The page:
The Fractured Mirror, “The Wrong Man” (1956)
Abandoning his usual flare for sensationalism, Hitchcock startled audiences with an added dose of docu-drama realism in “The Wrong Man,” which is the only film the director ever made based on a true story. Henry Fonda stars as Manny Balestrero, a struggling musician who is falsely accused and convicted of robbing an insurance office. The meticulously paced drama is one of Hitchcock’s most criminally overlooked, and in exploring the plight of an innocent man, the director exposes numerous errors existing among the police and in the law. Manny’s imprisonment becomes a tumultuous experience for him and his wife, Rose (Vera Miles), who becomes increasingly unhinged and unresponsive as her husband’s freedom seems less likely. In one of the film’s most powerful images, Hitchcock fractures Fonda in the reflection of his mirror, a potent metaphor for not just Manny’s mental anguish, but also for the film’s uneven divide between right and wrong, freedom and incarceration and the characters’ turmoil and resilience.
The Woods, “Vertigo” (1958)
“Vertigo” is overflowing with one mesmerizing shot after the next — Judy emerging from the washroom done up as Madeleine, Madeleine sitting at Ernie’s restaurant, Scottie looking down as he dangles from a railing — but one of the most haunting and under appreciated moments has always been that in the forest during Scottie and Madeleine’s trip to the Muir Woods. Similar to Ms. Danvers in “Rebecca,” Hitchcock constructs Madeleine with a supernatural ambiguity that toys with the viewer’s own sense of reality and seduces him/her closer to the object of beauty.
The events of “Vertigo” are set in motion after Galvin Elster asks Scottie (James Stewart) to follow his wife, claiming she is possessed. Scottie, a detective who sleuths with reason, is reluctant to believe this, as is the viewer for much of his intial investigation. Then comes this startling, hypnotic camera movement that moves ever so slowly around a set of trees Madeleine has walked behind. This subtle push, combined with the glowing background that stands in contrast to the shadowy mid and foreground, provides the slightest suspicion that Madeleine has actually vanished in midair. Its an intoxicating shot full of mystery, one that pulls us further into the character’s scintillating (and potentially supernatural) aura.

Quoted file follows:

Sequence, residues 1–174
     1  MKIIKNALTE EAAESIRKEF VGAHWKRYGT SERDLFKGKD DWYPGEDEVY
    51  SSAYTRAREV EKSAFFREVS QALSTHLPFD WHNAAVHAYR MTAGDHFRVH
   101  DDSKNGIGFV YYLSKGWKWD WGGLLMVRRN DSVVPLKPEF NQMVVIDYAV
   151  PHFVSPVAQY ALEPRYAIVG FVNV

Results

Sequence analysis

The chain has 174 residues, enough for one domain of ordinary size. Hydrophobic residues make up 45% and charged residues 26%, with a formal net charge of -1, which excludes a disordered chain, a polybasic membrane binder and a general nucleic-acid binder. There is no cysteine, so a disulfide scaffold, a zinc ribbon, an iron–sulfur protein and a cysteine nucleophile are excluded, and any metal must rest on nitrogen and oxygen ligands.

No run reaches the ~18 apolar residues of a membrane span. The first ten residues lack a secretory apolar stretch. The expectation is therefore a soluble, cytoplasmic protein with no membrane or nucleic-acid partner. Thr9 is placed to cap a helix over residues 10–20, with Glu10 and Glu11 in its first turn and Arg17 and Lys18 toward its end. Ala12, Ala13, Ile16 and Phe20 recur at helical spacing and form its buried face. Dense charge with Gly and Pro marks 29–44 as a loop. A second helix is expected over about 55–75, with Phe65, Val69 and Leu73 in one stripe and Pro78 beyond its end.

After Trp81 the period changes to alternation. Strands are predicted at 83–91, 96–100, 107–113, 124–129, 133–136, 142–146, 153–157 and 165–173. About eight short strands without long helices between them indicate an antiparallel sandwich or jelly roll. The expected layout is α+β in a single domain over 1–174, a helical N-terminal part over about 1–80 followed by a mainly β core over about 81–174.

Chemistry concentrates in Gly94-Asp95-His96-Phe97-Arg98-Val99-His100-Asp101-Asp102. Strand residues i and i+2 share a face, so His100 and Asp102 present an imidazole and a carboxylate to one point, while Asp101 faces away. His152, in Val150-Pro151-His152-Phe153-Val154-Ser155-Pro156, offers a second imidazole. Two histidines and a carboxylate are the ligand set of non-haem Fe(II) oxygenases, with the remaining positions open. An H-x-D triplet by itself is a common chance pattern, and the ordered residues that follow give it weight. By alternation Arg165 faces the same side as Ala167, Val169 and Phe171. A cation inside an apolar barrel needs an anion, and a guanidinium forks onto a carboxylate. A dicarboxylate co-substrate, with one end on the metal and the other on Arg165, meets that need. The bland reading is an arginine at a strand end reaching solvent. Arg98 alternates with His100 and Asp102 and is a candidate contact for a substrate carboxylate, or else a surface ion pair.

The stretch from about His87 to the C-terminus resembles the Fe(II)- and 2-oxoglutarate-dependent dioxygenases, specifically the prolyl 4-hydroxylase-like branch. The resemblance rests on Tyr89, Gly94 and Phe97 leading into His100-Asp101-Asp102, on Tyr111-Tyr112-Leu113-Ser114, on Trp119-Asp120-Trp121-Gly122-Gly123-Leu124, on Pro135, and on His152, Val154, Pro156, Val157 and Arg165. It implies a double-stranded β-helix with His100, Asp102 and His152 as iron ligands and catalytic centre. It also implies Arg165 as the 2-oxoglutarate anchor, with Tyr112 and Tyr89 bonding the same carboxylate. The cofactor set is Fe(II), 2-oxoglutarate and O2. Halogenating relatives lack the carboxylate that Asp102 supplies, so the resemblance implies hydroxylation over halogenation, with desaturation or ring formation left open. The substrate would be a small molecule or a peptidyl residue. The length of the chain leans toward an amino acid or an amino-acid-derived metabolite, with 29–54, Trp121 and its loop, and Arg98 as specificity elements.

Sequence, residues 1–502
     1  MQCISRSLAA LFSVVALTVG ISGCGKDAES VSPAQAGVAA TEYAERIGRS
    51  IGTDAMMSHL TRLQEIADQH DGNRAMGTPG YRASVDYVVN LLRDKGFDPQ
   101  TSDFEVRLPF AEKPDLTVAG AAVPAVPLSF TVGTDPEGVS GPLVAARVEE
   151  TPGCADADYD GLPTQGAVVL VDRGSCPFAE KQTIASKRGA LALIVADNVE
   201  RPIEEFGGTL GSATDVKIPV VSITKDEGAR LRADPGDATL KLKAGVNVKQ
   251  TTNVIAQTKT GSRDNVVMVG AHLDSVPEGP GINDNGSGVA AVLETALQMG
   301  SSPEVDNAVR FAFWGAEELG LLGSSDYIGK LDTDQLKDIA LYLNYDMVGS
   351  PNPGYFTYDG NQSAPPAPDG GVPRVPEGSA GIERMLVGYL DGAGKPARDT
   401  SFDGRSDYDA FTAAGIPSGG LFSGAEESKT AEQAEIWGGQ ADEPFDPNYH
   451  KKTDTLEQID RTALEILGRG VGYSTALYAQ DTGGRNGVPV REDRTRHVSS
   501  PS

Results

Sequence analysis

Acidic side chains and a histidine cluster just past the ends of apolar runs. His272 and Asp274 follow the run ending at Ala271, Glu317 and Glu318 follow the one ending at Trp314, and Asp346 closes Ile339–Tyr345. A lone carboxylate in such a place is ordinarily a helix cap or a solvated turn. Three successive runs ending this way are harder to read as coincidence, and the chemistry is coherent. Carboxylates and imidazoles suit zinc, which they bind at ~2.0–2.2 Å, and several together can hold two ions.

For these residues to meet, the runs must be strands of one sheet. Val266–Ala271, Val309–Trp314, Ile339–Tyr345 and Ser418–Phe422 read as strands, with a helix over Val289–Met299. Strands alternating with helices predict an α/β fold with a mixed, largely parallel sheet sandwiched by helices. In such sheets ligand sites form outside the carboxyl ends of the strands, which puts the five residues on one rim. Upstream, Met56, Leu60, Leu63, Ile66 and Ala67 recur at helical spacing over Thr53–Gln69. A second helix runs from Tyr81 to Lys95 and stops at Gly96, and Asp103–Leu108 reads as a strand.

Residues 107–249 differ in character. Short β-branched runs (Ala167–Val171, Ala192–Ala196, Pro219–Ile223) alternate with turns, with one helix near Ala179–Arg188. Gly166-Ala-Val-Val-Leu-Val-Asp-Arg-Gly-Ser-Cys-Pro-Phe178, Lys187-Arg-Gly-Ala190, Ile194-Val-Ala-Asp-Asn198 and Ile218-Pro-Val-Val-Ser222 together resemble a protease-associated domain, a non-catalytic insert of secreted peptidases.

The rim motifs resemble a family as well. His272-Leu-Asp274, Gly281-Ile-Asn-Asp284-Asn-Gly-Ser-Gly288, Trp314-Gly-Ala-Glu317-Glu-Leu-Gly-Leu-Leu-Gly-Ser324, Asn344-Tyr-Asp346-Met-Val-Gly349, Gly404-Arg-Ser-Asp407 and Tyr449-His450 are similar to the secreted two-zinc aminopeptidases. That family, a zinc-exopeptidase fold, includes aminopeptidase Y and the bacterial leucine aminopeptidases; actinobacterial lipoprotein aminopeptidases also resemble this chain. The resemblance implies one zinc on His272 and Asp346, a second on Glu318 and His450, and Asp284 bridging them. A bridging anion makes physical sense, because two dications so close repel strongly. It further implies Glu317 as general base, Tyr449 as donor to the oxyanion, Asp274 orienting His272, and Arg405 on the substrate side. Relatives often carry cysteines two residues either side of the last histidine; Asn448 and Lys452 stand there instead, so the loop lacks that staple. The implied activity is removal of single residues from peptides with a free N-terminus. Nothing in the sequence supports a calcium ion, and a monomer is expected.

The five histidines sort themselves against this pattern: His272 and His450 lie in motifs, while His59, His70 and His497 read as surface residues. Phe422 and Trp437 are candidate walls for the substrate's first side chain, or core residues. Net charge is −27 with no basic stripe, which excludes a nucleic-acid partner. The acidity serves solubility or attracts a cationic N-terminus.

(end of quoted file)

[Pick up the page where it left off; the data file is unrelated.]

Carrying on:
The U.N. Building, “North by Northwest” (1959)
Hitchcock’s rollicking adventure film defines spectacle in every sense of the word. More a movie of standout moments than individual shots — the crop-duster scene, the Mount Rushmore climax — “North by Northwest” does include one jaw-dropping still as the mistaken Roger Thornhill (Cary Grant in pre-James Bond mode) exits the U.N. General Assembly building in order to evade capture. Filmed from atop the building looking down, the shot is at once eye-popping in its color scheme and geometrical organization and thrilling its thematic makeup. Hitchcock was rarely subtle or subversive in his visual metaphors, and he goes bigger and more blatant than ever in this shot, capturing the fleeing Thornhill as a tiny speck in this giant industrial maze of building and landscape. If one ever had to summarize Thornhill’s predicament through pure visuals, this one shot would undeniably do it best.